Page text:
Summer photography in Paris – Sunsets and City lights! – Part 1

Scroll down to content

Summer is one of my favorite times to photograph sunsets. Sunrise is too early and not always my cup of tea being the late sleeper that I am. But, summer sunsets are a different story altogether.

The golden hour lasts for more than 2 hours and there is still colour in the sky after that, going way into the blue hour, which when combined with the city lights can create absolute magic.

In the summer of 2017 we spent 5 days photographing in Paris, trying to capture the beauty of this “City of lights”. Aim was not to capture the traditional cityscape shots with the city all lit up, but to give the pictures a landscapy touch (I am sure that’s not a word, but what the hell, I claim ownership of a new genre of photography – “Landscapy Cityscape”).

The Louvre

The Louvre is one of the must photograph locations in Paris. It was our first location due to the fact that by the time we finished checking in to our hotel, we were well in the later half of the Golden hour and The Louvre was a 10 min walk from our hotel. Perfect location to welcome us to Paris and to salvage whatever light was left in the day.

An evening at Louvre – Paris, France – 16mm | f/16 | 20s | ISO 100

An evening at Louvre - Paris, France
Dusk colours at the Louvre! The Musée du Louvre contains more than 380,000 objects and displays 35,000 works of art in eight curatorial departments with more than 60,600 square metres. The Louvre exhibits sculptures, objets d’art, paintings, drawings, and archaeological finds. It is the world’s most visited museum, averaging 15,000 visitors per day, 65 percent of whom are foreign tourists.

As dusk turned into the blue hour, moon rose right over the Louvre and all the city lights came on. One can clearly see why Paris is refered to as the city of lights.  Blue hour is another time I love to shoot cityscapes, specially with the city lights. Traditionally most city nightscapes are shot when the sky is black. This can cause the picture to lose depth and look kind of two-dimensional. A little blue in the sky adds depth to the image and brings out the contrast  in the lights without loosing too much detail in the architecture itself.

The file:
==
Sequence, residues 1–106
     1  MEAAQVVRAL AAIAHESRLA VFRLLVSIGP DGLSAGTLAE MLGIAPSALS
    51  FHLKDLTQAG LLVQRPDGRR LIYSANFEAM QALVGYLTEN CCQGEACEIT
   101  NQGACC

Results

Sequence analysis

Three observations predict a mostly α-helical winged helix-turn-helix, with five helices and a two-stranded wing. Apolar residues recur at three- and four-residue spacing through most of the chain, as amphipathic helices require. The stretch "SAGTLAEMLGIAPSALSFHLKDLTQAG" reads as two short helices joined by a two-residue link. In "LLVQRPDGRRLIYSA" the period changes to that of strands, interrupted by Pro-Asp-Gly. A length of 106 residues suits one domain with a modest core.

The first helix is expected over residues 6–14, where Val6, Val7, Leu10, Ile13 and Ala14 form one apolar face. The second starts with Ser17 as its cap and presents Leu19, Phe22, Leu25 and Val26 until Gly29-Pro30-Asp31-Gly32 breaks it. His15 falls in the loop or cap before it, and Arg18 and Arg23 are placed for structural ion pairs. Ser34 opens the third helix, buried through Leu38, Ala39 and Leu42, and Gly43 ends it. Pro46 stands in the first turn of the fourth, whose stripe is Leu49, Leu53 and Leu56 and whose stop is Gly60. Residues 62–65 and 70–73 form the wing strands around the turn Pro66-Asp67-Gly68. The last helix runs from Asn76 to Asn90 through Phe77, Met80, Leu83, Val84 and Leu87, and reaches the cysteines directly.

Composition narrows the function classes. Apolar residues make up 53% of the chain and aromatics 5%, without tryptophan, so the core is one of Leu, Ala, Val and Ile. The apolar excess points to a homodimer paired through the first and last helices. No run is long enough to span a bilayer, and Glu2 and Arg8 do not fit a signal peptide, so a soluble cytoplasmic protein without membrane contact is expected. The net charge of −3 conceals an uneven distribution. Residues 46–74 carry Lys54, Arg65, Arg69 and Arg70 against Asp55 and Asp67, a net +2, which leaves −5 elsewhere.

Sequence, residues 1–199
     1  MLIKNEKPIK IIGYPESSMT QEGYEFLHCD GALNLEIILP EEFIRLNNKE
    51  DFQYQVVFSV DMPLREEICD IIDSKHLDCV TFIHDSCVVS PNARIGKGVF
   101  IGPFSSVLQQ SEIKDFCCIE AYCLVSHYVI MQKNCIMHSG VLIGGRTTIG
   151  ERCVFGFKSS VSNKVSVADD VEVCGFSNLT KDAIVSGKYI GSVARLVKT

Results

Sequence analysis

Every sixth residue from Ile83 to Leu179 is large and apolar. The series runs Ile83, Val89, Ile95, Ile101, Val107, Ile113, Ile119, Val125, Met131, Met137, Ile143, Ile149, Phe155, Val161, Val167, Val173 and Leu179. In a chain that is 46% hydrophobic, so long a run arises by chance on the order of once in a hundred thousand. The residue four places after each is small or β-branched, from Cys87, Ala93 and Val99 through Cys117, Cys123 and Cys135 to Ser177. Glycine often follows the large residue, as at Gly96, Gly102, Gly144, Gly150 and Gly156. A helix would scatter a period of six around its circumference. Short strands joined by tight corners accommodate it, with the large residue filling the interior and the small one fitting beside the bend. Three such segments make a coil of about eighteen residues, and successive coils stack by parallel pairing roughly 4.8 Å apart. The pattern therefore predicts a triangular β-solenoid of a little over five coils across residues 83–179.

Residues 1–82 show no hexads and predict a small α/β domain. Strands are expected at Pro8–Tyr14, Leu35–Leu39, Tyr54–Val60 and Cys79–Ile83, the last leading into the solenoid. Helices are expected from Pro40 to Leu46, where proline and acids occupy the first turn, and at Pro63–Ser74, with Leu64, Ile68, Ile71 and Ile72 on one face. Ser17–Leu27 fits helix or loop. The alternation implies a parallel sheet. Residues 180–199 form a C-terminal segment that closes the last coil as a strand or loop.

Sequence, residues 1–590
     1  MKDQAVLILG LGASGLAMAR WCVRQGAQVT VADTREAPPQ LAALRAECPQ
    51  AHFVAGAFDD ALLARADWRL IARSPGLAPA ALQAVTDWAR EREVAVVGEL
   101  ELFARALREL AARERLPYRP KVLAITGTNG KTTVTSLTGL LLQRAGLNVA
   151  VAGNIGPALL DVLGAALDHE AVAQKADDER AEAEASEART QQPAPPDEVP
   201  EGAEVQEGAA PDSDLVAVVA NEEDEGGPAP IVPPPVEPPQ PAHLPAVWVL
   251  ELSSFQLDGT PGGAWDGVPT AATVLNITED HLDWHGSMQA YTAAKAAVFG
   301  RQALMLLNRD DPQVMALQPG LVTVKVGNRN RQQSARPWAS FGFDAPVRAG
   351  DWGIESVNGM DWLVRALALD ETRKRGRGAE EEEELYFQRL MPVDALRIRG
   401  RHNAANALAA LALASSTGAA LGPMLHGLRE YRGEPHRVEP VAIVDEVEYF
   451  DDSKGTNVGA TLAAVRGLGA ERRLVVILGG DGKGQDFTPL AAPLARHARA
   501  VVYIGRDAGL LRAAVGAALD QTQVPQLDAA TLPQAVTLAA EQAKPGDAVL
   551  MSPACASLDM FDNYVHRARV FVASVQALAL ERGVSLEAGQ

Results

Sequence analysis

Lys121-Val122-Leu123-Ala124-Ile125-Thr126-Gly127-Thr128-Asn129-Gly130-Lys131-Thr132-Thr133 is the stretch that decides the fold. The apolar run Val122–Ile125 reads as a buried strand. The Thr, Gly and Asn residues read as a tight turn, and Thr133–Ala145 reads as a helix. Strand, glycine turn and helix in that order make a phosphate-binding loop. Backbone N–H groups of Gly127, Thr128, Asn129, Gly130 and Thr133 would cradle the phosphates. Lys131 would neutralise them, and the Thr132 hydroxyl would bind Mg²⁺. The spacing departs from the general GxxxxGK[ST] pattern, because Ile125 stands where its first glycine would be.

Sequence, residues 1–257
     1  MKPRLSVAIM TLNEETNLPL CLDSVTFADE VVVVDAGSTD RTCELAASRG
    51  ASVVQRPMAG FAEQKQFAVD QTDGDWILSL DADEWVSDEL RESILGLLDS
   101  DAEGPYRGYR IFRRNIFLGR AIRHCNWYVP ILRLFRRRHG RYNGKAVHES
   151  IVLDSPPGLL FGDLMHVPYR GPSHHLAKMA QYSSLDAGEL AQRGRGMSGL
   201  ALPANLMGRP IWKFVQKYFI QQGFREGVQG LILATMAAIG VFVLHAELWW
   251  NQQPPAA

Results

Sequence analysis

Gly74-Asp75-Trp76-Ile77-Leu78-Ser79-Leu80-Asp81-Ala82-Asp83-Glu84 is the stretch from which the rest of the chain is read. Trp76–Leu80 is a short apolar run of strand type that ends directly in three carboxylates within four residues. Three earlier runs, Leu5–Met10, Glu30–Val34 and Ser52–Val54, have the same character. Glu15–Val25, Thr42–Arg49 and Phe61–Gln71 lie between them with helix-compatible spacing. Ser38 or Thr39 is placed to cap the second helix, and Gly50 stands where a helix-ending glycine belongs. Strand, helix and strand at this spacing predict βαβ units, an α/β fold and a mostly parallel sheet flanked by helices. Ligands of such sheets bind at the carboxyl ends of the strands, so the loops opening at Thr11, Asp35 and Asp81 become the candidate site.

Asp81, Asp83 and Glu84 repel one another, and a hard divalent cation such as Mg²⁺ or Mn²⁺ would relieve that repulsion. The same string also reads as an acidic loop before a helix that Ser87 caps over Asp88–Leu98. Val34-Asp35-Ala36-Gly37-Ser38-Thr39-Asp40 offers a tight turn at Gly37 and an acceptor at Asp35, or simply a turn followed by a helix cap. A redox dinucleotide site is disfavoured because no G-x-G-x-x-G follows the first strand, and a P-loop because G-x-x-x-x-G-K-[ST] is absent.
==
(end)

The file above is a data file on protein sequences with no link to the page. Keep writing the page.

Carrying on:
We continued to shoot at the Louvre for the night. The place has photo opportunities lurking around every corner.

Symmetry – Pyramide du Louvre, Paris – 16mm | f/11 | 30s | ISO 100

Symmetry - Pyramide du Louvre, Paris
The large pyramid is surrounded by three smaller pyramids and serves as the main entrance to the Louvre Museum. It is constructed of glass and metal and was designed by Chinese-American architect I.M. Pei. It has been claimed by some that the glass panes in the Louvre Pyramid number exactly 666, “the number of the beast”, often associated with Satan. Actually, it consists of 603 rhombus-shaped and 70 triangular glass segments, so 673 in all.

The sky finally went black and lost all colour, so I decided to shoot closer to the subject and minimise the amount of sky in the frame.

When you get up close to the main Louvre pyramid, it is then that you realise how big it really is. And the reflection of the pyramid in the still pool next to it is to die for. certainly too big to fit in the frame especially with the reflection, even with a 16 mm lens. So what do you do? Take a panorama of course.

City of Love – The Louvre, Paris – 5-shot Pano | 16mm | f/9 | 5s | ISO 100

City of Love - The Louvre, Paris
A 5 shot Panorama to get the Louvre Pyramid with its reflection. I decided to keep the couple in the shot as I think they add to the whole atmosphere. It’s the city of love after all.

Top of the Eiffel Tower

The next day we had tickets to climb the Eiffel tower. A must do if it’s your first time visiting Paris, but not much to be had in terms of photography.  You do get some pretty amazing aerial views of the city, especially if you take the lift to the very top (the summit) and its a marvellous piece of engineering. But what makes a true Paris cityscape is having the Eiffel tower in the frame, which of course cannot be done if you are on the tower itself.

I did get a good shot of Montmartre from the second level of the tower with the Sacré-Cœur standing above the Parisian neighbourhood of Montmartre. Using a long lens to compress the image, I managed to replicate a shot I had seen a while back on one of the Paris postcards.

Looking Over – Sacré-Cœur, Montmartre, Paris – 300 mm | f/11 | 1/400 s | ISO 250

Watching Over - Sacré-Cœur, Montmartre, Paris
The Basilica of the Sacred Heart of Paris, is a Roman Catholic church and minor basilica. it is located at the summit of the butte Montmartre, the highest point in the city. Montmartre is primarily known for its artistic history, and as a nightclub district. Near the end of the 19th century and at the beginning of the twentieth, during the Belle Époque (1872 – 1914), many artists had studios in or around Montmartre, including Amedeo Modigliani, Claude Monet, Pierre-Auguste Renoir, Henri de Toulouse-Lautrec, Suzanne Valadon, Piet Mondrian, Pablo Picasso, Camille Pissarro, and Vincent van Gogh.

Bridges of Paris